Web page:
Heel Spurs vs Plantar Fasciitis
Do you experience pain in the bottom of your foot and heel area? This can be incredibly frustrating and prevent you from doing even the simplest things, like getting out of bed in the morning without wincing—let alone making it through a full day at work! According to the American Academy of Orthopaedic Surgeons, you’re not alone in your heel pain frustrations: every year, about 2 million Americans are treated for this very issue. In case you were wondering, the most common cause of heel pain is plantar fasciitis. It’s frequently assessed and treated by physical therapists. Plantar fasciitis is also frequently confused with another condition called heel spur. What’s the difference between plantar fasciitis and heel spurs, and will knowing whether you have one or the other change your course of treatment? Let’s find out.
How do you tell the difference?
Go ahead and feel the bottom of your foot. Your plantar fascia is that tough tissue making up your arch. It’s a taut band of fibers connecting the front of your foot to your heel and helps absorb forces as you move about.
If and when this tough tissue becomes irritated and injured, you’ll know it. Plantar fasciitis (“-itis” meaning inflammation) happens when tiny tears in the plantar fascia develop, which can lead to a range of uncomfortable signs and symptoms. You could feel pain in the following areas:
Near the heel or in the bottom of the foot (often described as sharp, stabbing, or achy)
That gets worse after exercise or activity
That’s worse first thing in the morning or after getting up after sitting for a long time
Interestingly, there’s often no clear reason why plantar fasciitis develops! But we do know now that certain people are more at risk. This includes sudden changes in your daily activity level or exercise routine. One example of this is if you participate in repetitive impact movements like running. If you have tight calf muscles (which can affect the movement and flexibility of the feet), flat feet, or very high arches in your feet, this can also contribute to pain. Certain health conditions, including obesity, diabetes, and pregnancy, are also more likely to develop plantar fasciitis.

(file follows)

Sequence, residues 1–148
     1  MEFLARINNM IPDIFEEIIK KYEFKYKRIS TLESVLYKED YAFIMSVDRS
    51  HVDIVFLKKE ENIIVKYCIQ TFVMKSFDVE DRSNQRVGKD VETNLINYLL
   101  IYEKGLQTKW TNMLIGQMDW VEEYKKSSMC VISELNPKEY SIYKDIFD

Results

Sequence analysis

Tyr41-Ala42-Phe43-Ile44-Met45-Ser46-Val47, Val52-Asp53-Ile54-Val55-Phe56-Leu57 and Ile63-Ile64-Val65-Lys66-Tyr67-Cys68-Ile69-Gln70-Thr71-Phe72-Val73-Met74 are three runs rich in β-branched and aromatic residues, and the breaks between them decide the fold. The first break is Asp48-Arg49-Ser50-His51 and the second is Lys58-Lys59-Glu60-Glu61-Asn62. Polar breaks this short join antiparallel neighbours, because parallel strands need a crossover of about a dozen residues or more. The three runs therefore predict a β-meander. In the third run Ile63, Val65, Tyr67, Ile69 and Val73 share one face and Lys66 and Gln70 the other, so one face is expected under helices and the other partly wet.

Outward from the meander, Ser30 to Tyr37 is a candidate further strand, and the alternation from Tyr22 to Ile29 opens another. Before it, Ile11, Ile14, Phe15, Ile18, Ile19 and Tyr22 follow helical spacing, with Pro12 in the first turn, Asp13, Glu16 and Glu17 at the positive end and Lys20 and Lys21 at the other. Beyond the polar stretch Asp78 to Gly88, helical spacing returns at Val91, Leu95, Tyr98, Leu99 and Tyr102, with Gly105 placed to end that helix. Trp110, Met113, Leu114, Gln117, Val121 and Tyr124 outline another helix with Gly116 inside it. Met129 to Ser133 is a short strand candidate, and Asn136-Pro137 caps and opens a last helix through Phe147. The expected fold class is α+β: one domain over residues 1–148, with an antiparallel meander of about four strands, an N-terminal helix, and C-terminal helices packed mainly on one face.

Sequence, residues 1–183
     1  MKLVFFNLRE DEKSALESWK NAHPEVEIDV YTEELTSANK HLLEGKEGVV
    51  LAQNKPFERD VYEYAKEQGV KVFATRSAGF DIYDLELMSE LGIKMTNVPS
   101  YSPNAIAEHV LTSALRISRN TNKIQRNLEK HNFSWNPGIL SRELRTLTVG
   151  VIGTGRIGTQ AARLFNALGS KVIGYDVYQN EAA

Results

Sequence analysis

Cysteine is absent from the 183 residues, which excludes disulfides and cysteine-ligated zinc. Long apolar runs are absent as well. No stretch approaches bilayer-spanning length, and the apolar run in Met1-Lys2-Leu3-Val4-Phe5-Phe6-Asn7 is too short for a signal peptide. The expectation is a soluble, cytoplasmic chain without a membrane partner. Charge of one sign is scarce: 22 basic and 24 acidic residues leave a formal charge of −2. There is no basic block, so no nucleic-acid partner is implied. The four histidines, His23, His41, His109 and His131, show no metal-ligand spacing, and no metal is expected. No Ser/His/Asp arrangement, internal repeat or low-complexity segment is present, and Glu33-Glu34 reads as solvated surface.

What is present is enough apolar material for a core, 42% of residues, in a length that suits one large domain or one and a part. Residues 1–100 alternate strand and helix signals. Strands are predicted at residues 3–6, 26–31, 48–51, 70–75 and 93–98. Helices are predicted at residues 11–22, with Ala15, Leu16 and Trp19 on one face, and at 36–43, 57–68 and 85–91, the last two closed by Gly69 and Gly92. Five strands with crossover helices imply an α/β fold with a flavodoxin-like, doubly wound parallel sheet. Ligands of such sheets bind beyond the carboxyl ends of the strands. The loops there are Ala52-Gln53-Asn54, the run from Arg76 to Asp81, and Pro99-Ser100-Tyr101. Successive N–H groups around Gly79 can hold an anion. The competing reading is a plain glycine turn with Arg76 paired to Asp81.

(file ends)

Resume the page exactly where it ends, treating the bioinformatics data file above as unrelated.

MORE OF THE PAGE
Now, here’s where heel spurs come in:
A heel spur is a calcified bony overgrowth that develops on your heel bone, called the calcaneus. If a heel spur is large enough, you may be able to feel it as a small protrusion beneath the skin near your heel. Like plantar fasciitis, it’s not always clear why heel spurs develop in some people and not in others. Issues like ill-fitting shoes may be a factor.
Not so long ago, we thought heel spurs cause plantar fasciitis. In fact, only about half of people with plantar fasciitis have heel spurs (you can see them on X-rays). Meanwhile:
1 out of 10 of us are walking around with heel spurs (and many of us don’t even know it)
Only 5 percent of people with heel spurs (1 in 20) experience any heel pain at all
In other words: heel spurs may cause heel pain, but it’s not likely. It seems to be that heel spurs just happen to develop in some people, whether or not they go on to develop plantar fasciitis.
The fact that heel spurs often don’t usually cause pain is good news, by the way, because it means the chances of you needing to have a bone spur surgically removed is super low. Instead, other treatments for heel pain are likely to be effective.
Treating Heel Pain—Your Best Options
Heel pain is usually caused by plantar fasciitis rather than a heel spur. And if your symptoms don’t go away after a couple weeks of rest, talk to a physical therapist.
Physical therapy is as an effective treatment for heel pain caused by plantar fasciitis and other conditions. This is done with stretches, exercises, braces, lifestyle modifications, and non-invasive pain reducing techniques. And unlike medications, physical therapy can also help you tackle the underlying cause of your heel pain in addition to alleviating your symptoms, which can mean longer-lasting relief for you.